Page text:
I've only been a Virginian since I was 2 1/2 years old. We moved here in August 1960 from Northeast D.C. You do the math. I'm nearly as old as the hills.

But even my sister who came along after we moved here was born in DC. We have raised the first generation of pure Virginians. Half Greek, but all Virginian.

Posted by: TBG | February 11, 2008 3:59 PM | Report abuse

ebtnut, I had the same thoughts when I saw that story.

Posted by: dmd | February 11, 2008 4:01 PM | Report abuse

I have no doubt we'll see the Terror Alert raised between now and November. (I accidently typed Error Alert, which may be more appropriate).

Error in '08!

Posted by: TBG | February 11, 2008 4:01 PM | Report abuse

ebt, I was just about to post the very same question. Yes, I think Arbusto et al. think they are going to get mileage out of this and use it to "win" in November by stirring up all that old 9/11 stuff. My prediction: it will backfire big time, and there will be major as well as int'l outcry against using testimony obtained by waterboarding, and that any guilty verdict should be thrown out. (Which is a d@mn shame, because they're guilty as he11, but that ain't the point.) So then the military court will convict them anyway, and they'll all be executed anyway, and the only thing gained will be all the rancor and ill will over the sloppy, halfa$$ed prosecution of it all.

Posted by: Curmudgeon | February 11, 2008 4:02 PM | Report abuse

Still recovering from the whiplash of trying people who supposedly aren't subject to the protections of military law/treaties in a military court. Too bad parsing all that out doesn't lead to sound bite treatment as I'd like to at least have a hint of what the prez candidates really think about this.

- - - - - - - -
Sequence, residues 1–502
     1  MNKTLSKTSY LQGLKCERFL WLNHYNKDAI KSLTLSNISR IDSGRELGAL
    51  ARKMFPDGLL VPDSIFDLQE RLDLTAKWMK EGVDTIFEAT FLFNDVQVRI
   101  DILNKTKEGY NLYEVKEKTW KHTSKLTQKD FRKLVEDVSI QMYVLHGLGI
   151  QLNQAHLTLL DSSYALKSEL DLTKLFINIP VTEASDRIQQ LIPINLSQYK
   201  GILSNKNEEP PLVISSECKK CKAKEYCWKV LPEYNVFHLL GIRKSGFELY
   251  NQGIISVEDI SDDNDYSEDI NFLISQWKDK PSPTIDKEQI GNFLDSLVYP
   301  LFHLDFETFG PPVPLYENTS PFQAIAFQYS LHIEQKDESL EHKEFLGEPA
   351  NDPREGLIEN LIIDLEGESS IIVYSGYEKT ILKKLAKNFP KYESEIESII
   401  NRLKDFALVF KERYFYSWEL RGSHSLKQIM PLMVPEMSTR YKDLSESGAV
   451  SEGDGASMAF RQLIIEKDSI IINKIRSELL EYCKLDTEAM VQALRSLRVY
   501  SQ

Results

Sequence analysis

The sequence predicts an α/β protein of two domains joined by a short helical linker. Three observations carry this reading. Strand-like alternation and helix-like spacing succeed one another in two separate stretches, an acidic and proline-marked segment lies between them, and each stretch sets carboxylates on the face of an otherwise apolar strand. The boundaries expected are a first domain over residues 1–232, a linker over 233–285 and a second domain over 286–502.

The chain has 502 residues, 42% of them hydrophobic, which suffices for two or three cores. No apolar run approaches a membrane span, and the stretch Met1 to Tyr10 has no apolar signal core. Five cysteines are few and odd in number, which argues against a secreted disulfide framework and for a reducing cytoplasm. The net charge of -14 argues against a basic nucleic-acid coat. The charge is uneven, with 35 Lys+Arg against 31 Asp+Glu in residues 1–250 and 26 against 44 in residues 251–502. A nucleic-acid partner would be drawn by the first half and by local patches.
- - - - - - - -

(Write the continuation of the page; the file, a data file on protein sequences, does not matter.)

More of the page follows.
Record cold in I-falls and all over northern MN. It was plastic cracking, snot freezing, ambition sapping cold this morning(-35 here, with no wind) and I had to be out in it at least long enough to get out to the garage and into my meeting. +7 now but still no fun.

Posted by: frostbitten | February 11, 2008 4:17 PM | Report abuse

C'mon, Mudge, I was trying to get snuke on the backboodle, not public statements. We've been through this before. Snuke could even make comments off the record, the journalism law of Omerta between us cynical journalism types. I'd stay mum, promise.

Speakin' of a weird, yet catchy, combination of words...did anyone catch Bill Maher on Larry King last night? I think the program was a rebroadcast from shortly before Super Tuesday. As mentioned during the interview, Maher's got a movie in the works titled, "Religulous."